The first image I can recall seeing that - in my mind - had anything to do with the Easter story was Holman Hunt's The Light of the World. "But," I hear you object, "it has nothing to do with the Easter story." And neither does it, which is why I inserted the phrase in my mind. I have no idea how it came to be so associated, but it did.
Moving on, and some few years later, on a visit - I think my first - to The Tate Gallery, I bought a poster-sized print of Salvador Dali's Crucifixion - the one depicting Him and His cross floating, rising, rocketing, soaring - I was never quite sure of the most appropriate verb - above a sleeping world. I saw this as a statement that Christ was the active participant in his passion, that he was, if not triumphant, then at the very least, the hero of the action. It was also smack, bang in the middle of my surrealism phase, so that may have had something to do with it.
Just recently I have been moved by his other crucifixion, the one featuring the blocks which seem to have offended many traditionalists. I can quite see how that might be so. I have to admit to having been shocked myself when I first saw the image, but now it just seems full of power and - I would even say - majesty.
Between those two, though, three others were to hold sway in my imagination: the Stanley Spencer, the Mathis Grunewald and the Graham Sutherland. These, however, did not fall into line and form a neat progression somehow reflecting my progress from A to B. They skirted around each other, permanent rivals vying for my favour.
It was at this point as I thought about what to post that it occurred to me that Easter is a perfect example of one of the most common myths in the history of man's thought and faith. Indeed, it seems to be universal. The myth of descent and ascent, the going down and the rising again. William Blake thought that all gods were creations of the human poetic genius and pointed out that they have had a political function in the control of the populace, but more importantly - certainly for us now - they have a poetic function. We usually speak of it as being to explore our humanity, but he pointed out that beyond that it actually creates the humanising aspects of the self.
So the Easter story is but Christianity's take on the myth of descent and rising again, the myth that occurs also, for example, in the narratives of Orpheus and his descent into the underworld. St Paul, telling the gospel story, shows no interest in the domestic life of Jesus. There is no biography to speak of. He plunges straight in with a powerful poem of Christ emptying himself and taking the lowest form of humanity, then soaring heavenwards to take the most exalted place of all. This is a myth that has been taken and adapted by the modern day psychiatrist. The patient is taken down into the murkiest depths of his or her unconscious in order to rise again and be made whole.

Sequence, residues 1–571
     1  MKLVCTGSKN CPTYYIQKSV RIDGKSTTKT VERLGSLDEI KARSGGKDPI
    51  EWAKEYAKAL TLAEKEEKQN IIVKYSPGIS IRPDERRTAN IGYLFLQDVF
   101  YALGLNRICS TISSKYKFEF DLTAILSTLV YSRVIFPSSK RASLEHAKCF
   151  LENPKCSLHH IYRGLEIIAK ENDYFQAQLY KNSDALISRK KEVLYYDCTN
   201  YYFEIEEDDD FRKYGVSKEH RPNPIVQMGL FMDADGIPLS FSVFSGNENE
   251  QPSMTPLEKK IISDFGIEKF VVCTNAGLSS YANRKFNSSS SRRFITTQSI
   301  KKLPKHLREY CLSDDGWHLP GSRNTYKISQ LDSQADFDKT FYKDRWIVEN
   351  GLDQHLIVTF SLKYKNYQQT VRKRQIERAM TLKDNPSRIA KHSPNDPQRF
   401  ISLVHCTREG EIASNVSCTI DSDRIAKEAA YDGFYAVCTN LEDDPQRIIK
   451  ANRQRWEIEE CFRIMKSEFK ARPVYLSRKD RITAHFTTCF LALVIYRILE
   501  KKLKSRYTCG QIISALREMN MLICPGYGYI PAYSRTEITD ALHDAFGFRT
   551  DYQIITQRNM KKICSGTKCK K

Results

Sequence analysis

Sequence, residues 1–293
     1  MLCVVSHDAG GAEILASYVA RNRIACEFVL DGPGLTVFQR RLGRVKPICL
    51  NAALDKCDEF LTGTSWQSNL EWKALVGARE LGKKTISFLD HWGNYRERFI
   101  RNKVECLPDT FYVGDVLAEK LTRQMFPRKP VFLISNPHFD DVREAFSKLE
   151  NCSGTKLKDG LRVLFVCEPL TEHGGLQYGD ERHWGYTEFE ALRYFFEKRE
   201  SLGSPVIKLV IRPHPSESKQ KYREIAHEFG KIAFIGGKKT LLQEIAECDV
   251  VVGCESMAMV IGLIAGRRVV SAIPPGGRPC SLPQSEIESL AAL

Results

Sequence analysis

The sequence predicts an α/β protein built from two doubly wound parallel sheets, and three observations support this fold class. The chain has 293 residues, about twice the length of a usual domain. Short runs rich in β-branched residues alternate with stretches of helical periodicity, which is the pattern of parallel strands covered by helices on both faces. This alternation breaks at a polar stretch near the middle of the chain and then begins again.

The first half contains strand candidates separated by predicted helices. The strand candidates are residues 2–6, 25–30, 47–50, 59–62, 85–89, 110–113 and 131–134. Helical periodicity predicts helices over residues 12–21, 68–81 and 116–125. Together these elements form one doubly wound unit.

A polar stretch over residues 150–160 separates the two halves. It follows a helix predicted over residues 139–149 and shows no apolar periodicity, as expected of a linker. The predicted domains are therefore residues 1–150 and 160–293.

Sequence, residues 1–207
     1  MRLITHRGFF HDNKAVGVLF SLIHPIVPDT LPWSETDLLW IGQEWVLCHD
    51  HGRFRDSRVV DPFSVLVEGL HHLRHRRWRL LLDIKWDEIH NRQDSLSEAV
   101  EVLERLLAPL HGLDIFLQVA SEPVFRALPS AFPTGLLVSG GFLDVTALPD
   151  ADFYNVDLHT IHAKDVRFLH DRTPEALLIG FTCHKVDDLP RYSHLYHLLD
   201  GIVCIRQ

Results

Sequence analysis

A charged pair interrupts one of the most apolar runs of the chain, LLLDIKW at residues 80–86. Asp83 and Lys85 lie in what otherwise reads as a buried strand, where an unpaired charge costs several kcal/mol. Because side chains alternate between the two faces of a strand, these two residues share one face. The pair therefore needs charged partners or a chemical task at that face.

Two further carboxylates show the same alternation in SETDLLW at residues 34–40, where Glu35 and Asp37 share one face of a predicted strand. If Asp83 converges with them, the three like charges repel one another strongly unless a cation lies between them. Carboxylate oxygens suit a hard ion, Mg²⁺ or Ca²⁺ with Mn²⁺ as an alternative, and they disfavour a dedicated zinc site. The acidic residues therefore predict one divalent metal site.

Traditionalists - and especially traditional Christians - will - complain that I have told only half the story, that I have focussed on the death at the expense of the resurrection, whereas it is the latter that is at the heart of the Easter story/Easter myth. And they would be correct to make that protest.
The fact is that I can think of no work of art depicting the resurrection that has moved me in the way that these images of the crucifixion have moved me. This morning (Wednesday) The Times stole my thunder with a four page insert on Easter art, one heading in which read: Artists Still Overshadowed by the Cross, however it turned out that it did not mean what I at first took it to mean. Even so, they were able to come up with only two versions of the resurrection: Fra Angelico's and that by Piero della Francesca. Furthermore, in their list of the top ten works was only the Francesca. They were also the only two to occur to me. The Francesca I greatly admire, but beyond that it leaves me cold. Even after reading the Times's worthy text on the significance of its various aspects, it fails to move me as these others have moved me. The Angelico I do appreciate, it does resonate with me, but still it has never had the deep emotional - and lasting - effect on me that my other selections have had.
I do find it incredible though, this imbalance between great deaths an d great resurrections, if I can put it that way. You could argue that the artists of the past were doing the bidding of those who commissioned them, and were not free agents in this. But that makes it more unlikely, not less, since the commissioning agent was usually the church, for whom the resurrection is at the very heart of all faith - and not just Easter.
And what of this fugitive from my past? Can anyone come up with a role for The Light of the World in the Easter story? I'll make it an Easter challenge!